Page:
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“I’m proud to support a cause of such vital significance to our country with this new partnership,” Keselowski said. “The synergies between a NASCAR team and our military’s needs to stay on track fast are countless. We hope to inspire the workforce of the next generation across the country when they see RFK race and hear our message.”

The sponsorship will support the mission to recruit, hire, train, develop and retain the SIB workforce that will build the Navy’s next generation of submarines, the team said.

“We are excited and grateful to be teaming with RFK Racing to drive awareness of the thousands of steady, well-paying manufacturing jobs available across the nation. Innovation, working with purpose and service to others are hallmarks of both of our organizations,” said Kiley Wren, BlueForge chief executive. “Together, we aim to inspire NASCAR fans and all Americans to pursue career opportunities that will support our national defense.”

Kyle Larson visits Indianapolis Motor Speedway to survey the scene


Former NASCAR champion Kyle Larson, who is scheduled to run the Indianapolis 500 in 2024 as part of an Indy-Charlotte “double,” visited the Indianapolis Motor Speedway garage area Sunday on Indianapolis 500 race day.

Larson said he wanted to familiarize himself with the Indy race-day landscape before he becomes immersed in the process next year.

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Larson later returned to Charlotte, where was scheduled to drive in the Coca-Cola 600 Sunday night. Next year, he’s scheduled to run both races.

“I love racing,” Larson told NBC Sports. “I love competing in the biggest races. In my opinion, this is the biggest race in the world. I wanted to be a part of it for a long time, and I finally feel like the timing is right. It’s pretty cool to have a dream come true.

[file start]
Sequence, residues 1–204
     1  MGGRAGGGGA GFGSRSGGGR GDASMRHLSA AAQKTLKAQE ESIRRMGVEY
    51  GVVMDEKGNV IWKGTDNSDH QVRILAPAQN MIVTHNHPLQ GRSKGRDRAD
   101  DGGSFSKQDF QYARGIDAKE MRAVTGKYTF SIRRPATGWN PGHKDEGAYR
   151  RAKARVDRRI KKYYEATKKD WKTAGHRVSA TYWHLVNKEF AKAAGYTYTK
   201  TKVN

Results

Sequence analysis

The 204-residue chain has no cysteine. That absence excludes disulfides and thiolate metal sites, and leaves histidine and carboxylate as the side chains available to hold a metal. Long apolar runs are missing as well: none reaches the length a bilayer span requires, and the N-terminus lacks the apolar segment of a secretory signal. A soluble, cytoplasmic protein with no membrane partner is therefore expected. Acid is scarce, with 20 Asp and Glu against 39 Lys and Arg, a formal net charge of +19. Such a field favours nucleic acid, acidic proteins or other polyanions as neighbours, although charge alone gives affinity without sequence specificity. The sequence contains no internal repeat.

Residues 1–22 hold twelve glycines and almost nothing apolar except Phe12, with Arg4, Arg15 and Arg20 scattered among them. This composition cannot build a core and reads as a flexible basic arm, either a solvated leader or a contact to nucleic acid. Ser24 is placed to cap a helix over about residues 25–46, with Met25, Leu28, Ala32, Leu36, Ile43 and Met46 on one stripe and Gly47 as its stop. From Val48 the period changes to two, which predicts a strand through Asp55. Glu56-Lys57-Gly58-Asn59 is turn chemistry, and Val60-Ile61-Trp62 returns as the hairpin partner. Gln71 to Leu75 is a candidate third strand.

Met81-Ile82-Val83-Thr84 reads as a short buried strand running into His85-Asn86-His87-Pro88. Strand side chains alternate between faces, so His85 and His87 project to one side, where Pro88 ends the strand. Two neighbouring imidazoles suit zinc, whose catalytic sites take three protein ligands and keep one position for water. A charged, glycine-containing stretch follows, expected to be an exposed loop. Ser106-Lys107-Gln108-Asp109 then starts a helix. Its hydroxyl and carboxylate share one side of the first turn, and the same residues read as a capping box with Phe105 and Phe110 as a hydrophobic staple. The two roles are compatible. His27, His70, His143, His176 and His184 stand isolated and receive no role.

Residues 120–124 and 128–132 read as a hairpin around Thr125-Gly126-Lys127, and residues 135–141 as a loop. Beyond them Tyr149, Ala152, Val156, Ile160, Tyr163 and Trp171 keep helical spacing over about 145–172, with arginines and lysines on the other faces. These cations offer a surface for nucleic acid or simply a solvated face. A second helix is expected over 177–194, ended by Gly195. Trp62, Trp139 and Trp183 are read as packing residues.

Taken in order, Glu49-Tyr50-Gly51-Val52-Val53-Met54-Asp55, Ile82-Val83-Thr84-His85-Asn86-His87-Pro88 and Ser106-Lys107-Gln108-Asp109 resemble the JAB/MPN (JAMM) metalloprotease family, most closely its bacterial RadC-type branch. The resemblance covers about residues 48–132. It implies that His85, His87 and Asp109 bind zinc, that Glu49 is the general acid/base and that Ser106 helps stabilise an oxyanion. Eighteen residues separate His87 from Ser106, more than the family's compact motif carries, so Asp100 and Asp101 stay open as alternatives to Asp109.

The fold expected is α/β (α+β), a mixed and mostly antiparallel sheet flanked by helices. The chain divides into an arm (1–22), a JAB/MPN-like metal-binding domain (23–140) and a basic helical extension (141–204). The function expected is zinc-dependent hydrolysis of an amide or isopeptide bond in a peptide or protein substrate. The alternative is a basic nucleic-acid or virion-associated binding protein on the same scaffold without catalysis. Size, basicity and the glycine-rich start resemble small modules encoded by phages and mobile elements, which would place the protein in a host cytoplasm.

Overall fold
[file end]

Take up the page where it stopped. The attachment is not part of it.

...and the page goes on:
“I wanted to come here and kind of experience it again and get to experience how crazy it is again before I’m in the middle of it next year. I kind of want as little surprise as possible next year.”

In the 2024 500, Larson will be one of four drivers with the Arrow McLaren team.

Earlier this month, Larson and Hendrick Motorsports vice chairman Jeff Gordon attended an Indy 500 practice day.

Larson said Sunday he hasn’t tested an Indy car.

“I don’t know exactly when I’ll get in the car,” he said. “I’ve had no sim (simulator) time yet. I’ve kind of stayed back. I didn’t want to ask too many questions and take any focus on what they have going on for these couple of weeks. I’m sure that will pick up after today.

“I look forward to the challenge. No matter how this experience goes, I’m going to come out of it a better race car driver.”




Jimmie Johnson: Building a team and pointing toward Le Mans


CONCORD, N.C. — These are busy days in the life of former NASCAR champion Jimmie Johnson.